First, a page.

Today, Frank was finishing off the tailplane. Having drawn up the metal bits yesterday afternoon, this morning he drew up the wooden ribs that were fitted to it.
To our eyes, using steel to make the tail surfaces seems a bit odd, since there are all sorts of good reasons for trying to keep the tail as light as possible. Nevertheless, it seems to have been standard practice, and you can see it on many other aircraft of the period, made by B&CA and others. The Sopwith Camel, for instance uses this method. Generally, they use sheet steel ribs throughout, and Barnwell is unusual in using wood. They are also of very lightweight – frankly flimsy – construction, with 10mm x 5mm strips of wood top and bottom and a few – a very few – little plywood blocks to give them shape. He must have reckoned that the fabric would give them additional stiffness, but prior to covering, one has to be very careful about handling the tailplane in case you break them.
You can see that the cross-section is symmetrical; the top and the bottom are the same. This is a non-lifting tailplane, and is almost universally used today, because the main purpose of the tailplane (or horizontal stabiliser) is to press downwards during flight, counteracting the natural tendency of the main wing to pitch forward. It means the aircraft is naturally safe in a stall. But in those days it was more common to have a lifting tailplane, because the power was so limited and the drag so high that one needed all the lift one could get and benign stall characteristics were rather lower down the list of priorities!
So even the famous Deperdussin Racer, which was far and away the highest performance machine of that time, had a lifting tailplane. Which makes it all the more interesting that for the production Scout ‘C’ they returned to a lifting tailplane by replacing that 1″ cross tube with a deep wooden spar that made the bottom surface flat and the top surface curved. I can’t find any immediate reason for this, and indeed later on they returned to a symetrical section.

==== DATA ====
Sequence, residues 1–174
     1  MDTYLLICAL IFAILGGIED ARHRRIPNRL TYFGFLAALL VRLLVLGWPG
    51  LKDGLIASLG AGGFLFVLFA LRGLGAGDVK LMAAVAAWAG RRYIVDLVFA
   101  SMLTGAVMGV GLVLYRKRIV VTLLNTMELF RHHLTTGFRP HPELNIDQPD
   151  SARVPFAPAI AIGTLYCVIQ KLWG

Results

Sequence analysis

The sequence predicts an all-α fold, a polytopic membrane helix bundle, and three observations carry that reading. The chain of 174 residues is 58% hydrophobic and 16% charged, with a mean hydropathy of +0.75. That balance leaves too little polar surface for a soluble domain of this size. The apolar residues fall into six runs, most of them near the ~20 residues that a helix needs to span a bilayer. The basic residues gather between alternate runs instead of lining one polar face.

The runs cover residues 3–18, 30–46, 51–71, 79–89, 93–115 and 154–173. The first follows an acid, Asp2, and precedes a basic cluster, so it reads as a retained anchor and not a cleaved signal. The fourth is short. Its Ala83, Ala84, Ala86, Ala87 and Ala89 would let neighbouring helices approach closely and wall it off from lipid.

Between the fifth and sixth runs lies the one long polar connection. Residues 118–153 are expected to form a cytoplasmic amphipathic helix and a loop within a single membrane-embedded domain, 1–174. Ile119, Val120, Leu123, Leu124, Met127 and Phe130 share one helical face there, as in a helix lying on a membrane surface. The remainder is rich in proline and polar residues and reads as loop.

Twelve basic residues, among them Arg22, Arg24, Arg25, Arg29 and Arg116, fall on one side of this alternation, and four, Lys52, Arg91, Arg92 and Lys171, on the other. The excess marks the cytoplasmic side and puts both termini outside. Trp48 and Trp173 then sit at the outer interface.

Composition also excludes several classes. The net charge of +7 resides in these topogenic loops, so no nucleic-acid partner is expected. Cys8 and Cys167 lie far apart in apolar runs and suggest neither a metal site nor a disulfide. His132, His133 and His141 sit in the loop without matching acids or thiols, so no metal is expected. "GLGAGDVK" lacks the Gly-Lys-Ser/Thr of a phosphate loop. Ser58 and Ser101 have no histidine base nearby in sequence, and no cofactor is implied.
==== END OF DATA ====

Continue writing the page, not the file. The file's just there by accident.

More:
One other beneficial design change in the production models was to silver solder light metal clips to the leading and trailing edges to which the wooden ribs were attached. But they never did get rid of the horrible flimsy ribs themselves! We hope this means that they didn’t get any problems with them in service…
Today was another productive day, which saw the drawings for the elevators (Air Elevator Flaps) completed. (There is no date on drawing 513, so I’m assuming it was done on the 18th).
Construction is similar to the tailplane, but they may have had some problems with the wooden ribs, since they were changed to steel on the Scout C, and the same applies to the lever plates (called horns in today’s parlance), which were beefed up in production.